It's like in road construction often times the flagger is responsible for everybodys safety but the people flagging are not the sharpest knives in the drawer all too often.
    Welders are suppose to have a fire watch on Navy shipís too. They are usually either shipyard workers/contractors or really junior sailors. Like you said, too often they are not concentrating on the job as well as they should be.

  19. #19

    Default Re: USS Bonhomme Richard

    If the welder was working for a government contractor and not in the navy themselves, they would have at least had to be trained in something like ABC (Associated Builders and Contractors) or the union to be on a prevailing wage government job (certified apprentice or journeyman). That would mean the welder and any fire watch person at minimum would have to have decent grades in school just to get that far in their employment. Probably would have OSHA 10 or OSHA 30 training too. ABC has a three strikes and you're out policy. If you get three employers who fill out a form saying they would not rehire you whether or not you are fired or laid off, you are booted out of the apprenticeship program and can't work anymore. I'm not saying you couldn't have an idiot working on a government job to make these mistakes, but it is less likely knowing how many competent people they had to beat out to get the job to begin with. I have been on jobs with some A.O. Reed welders who had no problem with welding over my head and catching cardboard boxes on fire nearby or catching the side of the 125 freeway in La Mesa on fire so I can't rule out incompetence in this case, but I would hope the Navy would have higher standards for people working on their ships.

  20. #20

    Default Re: USS Bonhomme Richard

    Quote Originally Posted by Hooked on Fenix View Post
    If the welder was working for a government contractor and not in the navy themselves, they would have at least had to be trained in something like ABC (Associated Builders and Contractors) or the union to be on a prevailing wage government job (certified apprentice or journeyman). That would mean the welder and any fire watch person at minimum would have to have decent grades in school just to get that far in their employment. Probably would have OSHA 10 or OSHA 30 training too. ABC has a three strikes and you're out policy. If you get three employers who fill out a form saying they would not rehire you whether or not you are fired or laid off, you are booted out of the apprenticeship program and can't work anymore. I'm not saying you couldn't have an idiot working on a government job to make these mistakes, but it is less likely knowing how many competent people they had to beat out to get the job to begin with. I have been on jobs with some A.O. Reed welders who had no problem with welding over my head and catching cardboard boxes on fire nearby or catching the side of the 125 freeway in La Mesa on fire so I can't rule out incompetence in this case, but I would hope the Navy would have higher standards for people working on their ships.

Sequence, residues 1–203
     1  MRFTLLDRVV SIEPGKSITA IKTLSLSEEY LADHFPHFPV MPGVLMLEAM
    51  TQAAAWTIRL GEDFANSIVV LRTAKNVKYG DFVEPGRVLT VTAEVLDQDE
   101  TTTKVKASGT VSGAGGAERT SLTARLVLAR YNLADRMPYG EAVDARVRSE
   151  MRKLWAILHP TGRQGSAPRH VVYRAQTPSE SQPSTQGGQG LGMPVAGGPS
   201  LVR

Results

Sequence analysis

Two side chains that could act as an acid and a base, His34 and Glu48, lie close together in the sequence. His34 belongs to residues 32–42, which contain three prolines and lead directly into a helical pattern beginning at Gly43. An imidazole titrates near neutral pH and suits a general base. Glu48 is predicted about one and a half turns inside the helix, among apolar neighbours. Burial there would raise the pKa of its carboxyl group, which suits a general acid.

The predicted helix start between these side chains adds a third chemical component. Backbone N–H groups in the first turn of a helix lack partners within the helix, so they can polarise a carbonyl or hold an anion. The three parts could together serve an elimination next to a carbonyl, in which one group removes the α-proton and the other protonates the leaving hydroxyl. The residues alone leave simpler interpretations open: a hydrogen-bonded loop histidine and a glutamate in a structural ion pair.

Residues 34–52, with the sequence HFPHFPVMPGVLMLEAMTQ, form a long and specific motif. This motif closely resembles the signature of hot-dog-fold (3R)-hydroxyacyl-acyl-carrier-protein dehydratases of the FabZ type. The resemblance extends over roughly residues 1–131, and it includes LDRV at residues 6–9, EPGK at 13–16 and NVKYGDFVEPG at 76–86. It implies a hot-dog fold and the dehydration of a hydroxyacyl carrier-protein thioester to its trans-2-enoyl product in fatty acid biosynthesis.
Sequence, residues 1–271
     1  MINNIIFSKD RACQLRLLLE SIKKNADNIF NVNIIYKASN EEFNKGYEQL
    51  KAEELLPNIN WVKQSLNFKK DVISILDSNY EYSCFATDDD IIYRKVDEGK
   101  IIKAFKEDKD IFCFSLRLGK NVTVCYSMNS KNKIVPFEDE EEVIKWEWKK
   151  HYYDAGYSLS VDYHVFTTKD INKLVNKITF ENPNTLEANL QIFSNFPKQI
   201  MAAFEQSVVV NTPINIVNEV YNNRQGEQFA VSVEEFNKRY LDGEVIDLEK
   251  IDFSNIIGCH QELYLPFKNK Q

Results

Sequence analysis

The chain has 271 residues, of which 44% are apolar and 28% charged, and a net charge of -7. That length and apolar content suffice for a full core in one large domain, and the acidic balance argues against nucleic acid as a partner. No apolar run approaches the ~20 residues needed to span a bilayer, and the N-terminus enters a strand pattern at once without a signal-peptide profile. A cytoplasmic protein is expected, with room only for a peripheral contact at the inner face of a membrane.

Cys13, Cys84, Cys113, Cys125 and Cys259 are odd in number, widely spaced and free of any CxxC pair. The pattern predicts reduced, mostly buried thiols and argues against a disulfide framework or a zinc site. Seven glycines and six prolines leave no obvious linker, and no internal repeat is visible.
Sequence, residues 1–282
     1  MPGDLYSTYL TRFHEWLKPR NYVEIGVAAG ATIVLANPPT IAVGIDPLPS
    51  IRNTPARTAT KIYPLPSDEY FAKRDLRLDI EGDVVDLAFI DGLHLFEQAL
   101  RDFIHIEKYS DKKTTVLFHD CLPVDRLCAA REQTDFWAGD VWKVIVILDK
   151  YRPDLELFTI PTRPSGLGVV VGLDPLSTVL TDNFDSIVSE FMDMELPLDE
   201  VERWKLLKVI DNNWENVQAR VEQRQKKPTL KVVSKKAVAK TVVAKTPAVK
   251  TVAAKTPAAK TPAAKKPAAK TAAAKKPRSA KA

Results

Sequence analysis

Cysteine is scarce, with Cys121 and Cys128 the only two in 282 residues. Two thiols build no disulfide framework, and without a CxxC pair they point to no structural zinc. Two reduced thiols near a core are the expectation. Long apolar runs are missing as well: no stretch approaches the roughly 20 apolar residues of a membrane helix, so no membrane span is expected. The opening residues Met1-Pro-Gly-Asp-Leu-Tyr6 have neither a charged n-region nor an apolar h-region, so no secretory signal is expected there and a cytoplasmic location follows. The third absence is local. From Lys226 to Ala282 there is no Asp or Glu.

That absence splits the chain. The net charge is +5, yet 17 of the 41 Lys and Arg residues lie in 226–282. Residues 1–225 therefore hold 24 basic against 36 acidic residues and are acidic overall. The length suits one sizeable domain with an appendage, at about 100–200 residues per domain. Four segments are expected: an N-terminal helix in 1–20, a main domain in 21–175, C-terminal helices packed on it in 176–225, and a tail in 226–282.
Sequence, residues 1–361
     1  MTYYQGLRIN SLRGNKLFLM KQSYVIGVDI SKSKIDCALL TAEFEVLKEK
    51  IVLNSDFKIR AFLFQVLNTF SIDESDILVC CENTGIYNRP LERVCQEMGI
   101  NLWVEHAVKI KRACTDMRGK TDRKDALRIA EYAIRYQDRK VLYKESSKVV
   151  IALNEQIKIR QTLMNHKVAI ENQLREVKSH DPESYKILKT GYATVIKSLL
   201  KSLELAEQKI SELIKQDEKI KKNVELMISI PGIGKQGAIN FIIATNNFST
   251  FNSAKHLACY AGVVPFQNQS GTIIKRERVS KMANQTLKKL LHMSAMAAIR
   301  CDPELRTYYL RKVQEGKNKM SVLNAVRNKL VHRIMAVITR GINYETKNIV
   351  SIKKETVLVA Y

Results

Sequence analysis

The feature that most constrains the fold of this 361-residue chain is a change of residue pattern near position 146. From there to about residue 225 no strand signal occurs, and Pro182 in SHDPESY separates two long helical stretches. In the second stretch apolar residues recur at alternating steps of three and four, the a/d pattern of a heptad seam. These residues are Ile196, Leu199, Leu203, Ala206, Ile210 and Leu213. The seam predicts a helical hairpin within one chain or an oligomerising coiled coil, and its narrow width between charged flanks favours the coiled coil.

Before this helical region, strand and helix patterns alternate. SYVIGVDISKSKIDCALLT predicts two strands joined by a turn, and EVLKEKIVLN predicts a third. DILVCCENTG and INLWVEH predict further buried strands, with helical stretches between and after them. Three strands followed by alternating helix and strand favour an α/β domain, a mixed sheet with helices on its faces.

That may be your experience, but from someone who has personally had to deal with civilian shipyard workers I can tell you that frequently they do not get fired, partially because of not having enough workers as is. I can remember being onboard 3 different ships that had fires from shipyard welding.

    I can also give numerous other examples of shipyard worker incompetence from a ship that I was stationed on during the building process. It was drastically delayed at one point because the entire superior structure had to be replaced due to fire. My stateroom had a heater that was wired into the lamp dimmer switch. Then issues such as electrical cabinet that couldnít be opened due to structural steel beam in way, fire hatch couldnít close because valve stem and handle in way, main gun breach improperly installed, etc. A Sailor and shipyard worker almost died because of getting bends form a pressure test and the shipyard contracted ambulance standing by wasnít associated with hospital with decompression chamber available. Fortunately the ship crew knew the correct hospital and got ambulance to go there. The Navy ended up taking possession of the ship with several minor issues not being fixed and just having ship personnel fix them.

  21. #21

    Default Re: USS Bonhomme Richard

    A long time ago a supervisor was listening to me whine about how contractors sometimes get by with shoddy work while being fully compensated and as an inspector who knows it was shoddy it's just dawg gone aggrevating.

    He says "well what would you prefer?" I said I wanted inspect naval vessels. If it aint built right people die.

    After reading post 20 I'm glad I never got that job. Yikes!!


    One day on a bridge project an environmental dude and I were walking under a bridge with welders above us. We noticed nearby a small grass fire and luckily a bunch of sand nearby. We scooped up a bunch of sand in our hard hats and tossed it on the fire, extinguishing it. Suddenly this young guy comes running down the scafold stairs workers use to get up top. "oh snap, oh snap" he was yelling as he frantically ran toward us as we put out the fire.
    Turns out he was a union newb who had passed out in the heat up on the bridge deck the day before so they told him to stay under the bridge in the shade and watch for fire. Last I heard the guy was working at a famous sandwich shoppe.
    John 3:16

  22. #22
    *Flashaholic* thermal guy's Avatar
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    Default Re: USS Bonhomme Richard

    Bet heís burning the buns😁
    If i had one day left to live i would want to be at my workplace.Because every day is like a frickin eternity.